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Differences in Symptomatic Pain: Chronic, Acute and Severe Lower Back Pain


Differences in Symptomatic Pain: Chronic, Acute and Severe Lower Back Pain

Almost everyone experiences lower back pain at some point in life. It can range from mild to severe, and it may last for a short time or plague the patient for months or even years. When discussing symptomatic pain, there are some medical terms that are used to describe it.

Severe lower back pain

Severe lower back pain is a sign of a serious medical or spinal condition. Spinal conditions that can lead to severe lower back pain include a bacterial infection that lodges in the spine, ankylosing spondylitis, osteoarthritis, Paget's disease, sciatica and spinal degeneration. Other spinal conditions that are quite painful include failed back surgery, fibromyalgia, spinal tumors, ruptured discs, Scheuermann’s disease and spinal stenosis. Medical conditions that can lead to severe lower back pain include pelvic inflammatory disease, gallbladder disease, peptic ulcers, pancreatitis, prostate disease, aortic aneurysm, kidney stones, urinary tract infections and other urinary disorders. Anyone who experiences debilitating lower back pain is urged to seek medical assistance to determine the cause and obtain treatment.

Acute lower back pain

Acute pain lasts less than three to six months and is traceable directly to specific tissue damage. Some examples of things that can cause acute lower back pain are pulled muscles or muscle sprains.

Chronic lower back pain

Chronic pain lasts longer than three to six months or past the time that any damaged tissues have healed. Structural problems of the spine can cause chronic pain until and unless they are rectified. Some chronic lower back pain has no identifiable cause, or the original cause of the pain has healed, but the pain lingers. It can result from failed back surgery and fibromyalgia, among other things.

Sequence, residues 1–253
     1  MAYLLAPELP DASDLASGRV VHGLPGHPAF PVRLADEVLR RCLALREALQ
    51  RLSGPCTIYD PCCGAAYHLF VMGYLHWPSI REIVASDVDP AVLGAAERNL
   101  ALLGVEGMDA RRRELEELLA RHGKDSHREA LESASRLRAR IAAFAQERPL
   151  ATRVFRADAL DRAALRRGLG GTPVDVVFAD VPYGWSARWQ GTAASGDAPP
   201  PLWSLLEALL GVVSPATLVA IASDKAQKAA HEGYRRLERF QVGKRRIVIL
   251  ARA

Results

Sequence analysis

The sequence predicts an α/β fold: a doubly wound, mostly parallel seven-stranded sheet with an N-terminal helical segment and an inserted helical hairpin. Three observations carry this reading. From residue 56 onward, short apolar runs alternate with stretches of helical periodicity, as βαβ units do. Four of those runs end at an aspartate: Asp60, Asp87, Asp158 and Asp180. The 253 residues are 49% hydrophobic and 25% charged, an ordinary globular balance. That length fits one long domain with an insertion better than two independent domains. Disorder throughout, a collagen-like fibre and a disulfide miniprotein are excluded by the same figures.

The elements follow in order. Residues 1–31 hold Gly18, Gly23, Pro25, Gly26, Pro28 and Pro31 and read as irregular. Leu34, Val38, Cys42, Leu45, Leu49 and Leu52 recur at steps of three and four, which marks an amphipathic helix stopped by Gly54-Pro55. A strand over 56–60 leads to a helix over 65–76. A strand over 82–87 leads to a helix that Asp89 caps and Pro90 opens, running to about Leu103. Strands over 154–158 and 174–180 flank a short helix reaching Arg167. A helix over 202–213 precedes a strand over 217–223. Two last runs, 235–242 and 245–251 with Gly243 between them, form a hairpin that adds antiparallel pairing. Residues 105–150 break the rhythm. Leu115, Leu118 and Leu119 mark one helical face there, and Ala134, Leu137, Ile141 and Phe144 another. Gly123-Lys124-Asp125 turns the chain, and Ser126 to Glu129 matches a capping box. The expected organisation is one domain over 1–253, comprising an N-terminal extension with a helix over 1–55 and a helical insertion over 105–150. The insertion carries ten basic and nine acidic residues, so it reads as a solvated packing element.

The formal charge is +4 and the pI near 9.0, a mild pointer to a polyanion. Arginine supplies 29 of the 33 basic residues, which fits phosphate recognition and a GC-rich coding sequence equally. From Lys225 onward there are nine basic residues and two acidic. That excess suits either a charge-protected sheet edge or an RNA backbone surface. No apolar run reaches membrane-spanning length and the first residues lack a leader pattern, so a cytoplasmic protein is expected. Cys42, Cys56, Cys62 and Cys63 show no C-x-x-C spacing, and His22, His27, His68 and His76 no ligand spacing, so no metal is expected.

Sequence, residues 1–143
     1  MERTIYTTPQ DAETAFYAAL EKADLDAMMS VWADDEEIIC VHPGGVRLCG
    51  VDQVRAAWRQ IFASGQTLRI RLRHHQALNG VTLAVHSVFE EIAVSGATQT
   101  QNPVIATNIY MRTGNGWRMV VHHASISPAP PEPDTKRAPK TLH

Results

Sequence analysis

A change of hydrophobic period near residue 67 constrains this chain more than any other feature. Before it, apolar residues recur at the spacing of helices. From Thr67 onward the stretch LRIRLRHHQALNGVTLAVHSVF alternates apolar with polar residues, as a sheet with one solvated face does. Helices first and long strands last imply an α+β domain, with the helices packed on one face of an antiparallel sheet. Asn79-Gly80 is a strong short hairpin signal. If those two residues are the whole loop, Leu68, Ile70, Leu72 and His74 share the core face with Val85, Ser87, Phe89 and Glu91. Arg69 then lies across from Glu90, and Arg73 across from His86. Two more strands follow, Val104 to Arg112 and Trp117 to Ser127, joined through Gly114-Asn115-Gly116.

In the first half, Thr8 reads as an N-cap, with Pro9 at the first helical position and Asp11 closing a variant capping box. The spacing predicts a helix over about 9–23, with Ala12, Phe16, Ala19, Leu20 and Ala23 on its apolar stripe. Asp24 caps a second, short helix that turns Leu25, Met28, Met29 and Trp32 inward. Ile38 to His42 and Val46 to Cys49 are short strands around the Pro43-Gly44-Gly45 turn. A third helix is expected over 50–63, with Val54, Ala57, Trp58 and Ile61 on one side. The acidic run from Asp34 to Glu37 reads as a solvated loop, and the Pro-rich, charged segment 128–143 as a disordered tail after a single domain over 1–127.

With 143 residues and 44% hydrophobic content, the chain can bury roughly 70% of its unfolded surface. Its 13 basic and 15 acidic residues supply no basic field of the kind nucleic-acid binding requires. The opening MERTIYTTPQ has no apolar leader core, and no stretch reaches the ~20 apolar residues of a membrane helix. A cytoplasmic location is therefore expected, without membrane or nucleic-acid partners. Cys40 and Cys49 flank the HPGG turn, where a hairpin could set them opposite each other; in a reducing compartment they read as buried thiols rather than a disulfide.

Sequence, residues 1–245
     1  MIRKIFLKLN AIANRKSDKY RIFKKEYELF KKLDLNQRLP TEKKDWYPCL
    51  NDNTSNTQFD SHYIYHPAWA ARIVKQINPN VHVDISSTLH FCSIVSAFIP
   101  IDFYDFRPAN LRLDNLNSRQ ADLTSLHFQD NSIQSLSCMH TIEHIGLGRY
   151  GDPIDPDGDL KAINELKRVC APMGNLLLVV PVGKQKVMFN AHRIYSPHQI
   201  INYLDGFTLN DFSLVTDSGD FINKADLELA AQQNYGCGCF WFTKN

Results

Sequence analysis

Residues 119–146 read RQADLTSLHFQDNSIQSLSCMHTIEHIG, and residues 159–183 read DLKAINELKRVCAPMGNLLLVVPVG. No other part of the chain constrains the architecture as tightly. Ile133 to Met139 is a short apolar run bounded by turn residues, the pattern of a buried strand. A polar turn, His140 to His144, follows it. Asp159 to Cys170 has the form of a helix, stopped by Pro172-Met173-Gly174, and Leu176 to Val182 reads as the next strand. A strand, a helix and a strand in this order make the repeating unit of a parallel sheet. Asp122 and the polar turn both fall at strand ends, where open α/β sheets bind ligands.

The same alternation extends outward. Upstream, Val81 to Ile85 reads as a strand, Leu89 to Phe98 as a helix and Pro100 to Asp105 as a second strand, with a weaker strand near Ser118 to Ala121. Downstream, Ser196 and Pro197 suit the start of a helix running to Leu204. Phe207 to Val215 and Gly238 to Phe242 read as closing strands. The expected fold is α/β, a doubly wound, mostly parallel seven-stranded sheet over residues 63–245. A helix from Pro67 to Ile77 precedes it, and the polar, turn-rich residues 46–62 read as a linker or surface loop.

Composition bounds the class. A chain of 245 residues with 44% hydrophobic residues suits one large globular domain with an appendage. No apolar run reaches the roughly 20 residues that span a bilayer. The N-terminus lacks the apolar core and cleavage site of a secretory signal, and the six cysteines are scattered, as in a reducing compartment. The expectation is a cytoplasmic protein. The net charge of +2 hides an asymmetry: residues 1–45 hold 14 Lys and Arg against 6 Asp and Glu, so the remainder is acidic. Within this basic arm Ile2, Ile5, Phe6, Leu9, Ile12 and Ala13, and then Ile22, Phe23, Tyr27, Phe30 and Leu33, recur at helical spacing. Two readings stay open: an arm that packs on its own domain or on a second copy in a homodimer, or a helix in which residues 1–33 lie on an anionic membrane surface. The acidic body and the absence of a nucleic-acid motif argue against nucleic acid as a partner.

Lower back pain can arise from a number of causes and is classified as chronic or acute. If pain is severe, prompt medical attention is necessary to determine and treat the cause.

Developmental Disorders

Developmental disorders are also referred to as developmental disabilities. They commonly occur at some stage in the physical or mental development of a child, often inhibiting growth or skill development in a certain area. Such disorders may affect behavioral, psychological or physical development. Developmental disorders generally have no known cure, but specialized therapy may help the affected person to function almost normally.

Early identification of developmental disorders is essential for proper evaluation, diagnosis and treatment. Delayed or disordered development may indicate a specific medical condition or an increased risk of other behavior disorders. It can also help to address the possibility of additional associated developmental disorders.

Prompt and accurate identification is critical to decisions regarding therapeutic and medical interventions or treatments. Specifically, identification of a developmental disorder leads to the application of a range of treatment planning, from medical treatment of the child to family planning and support for his or her parents.

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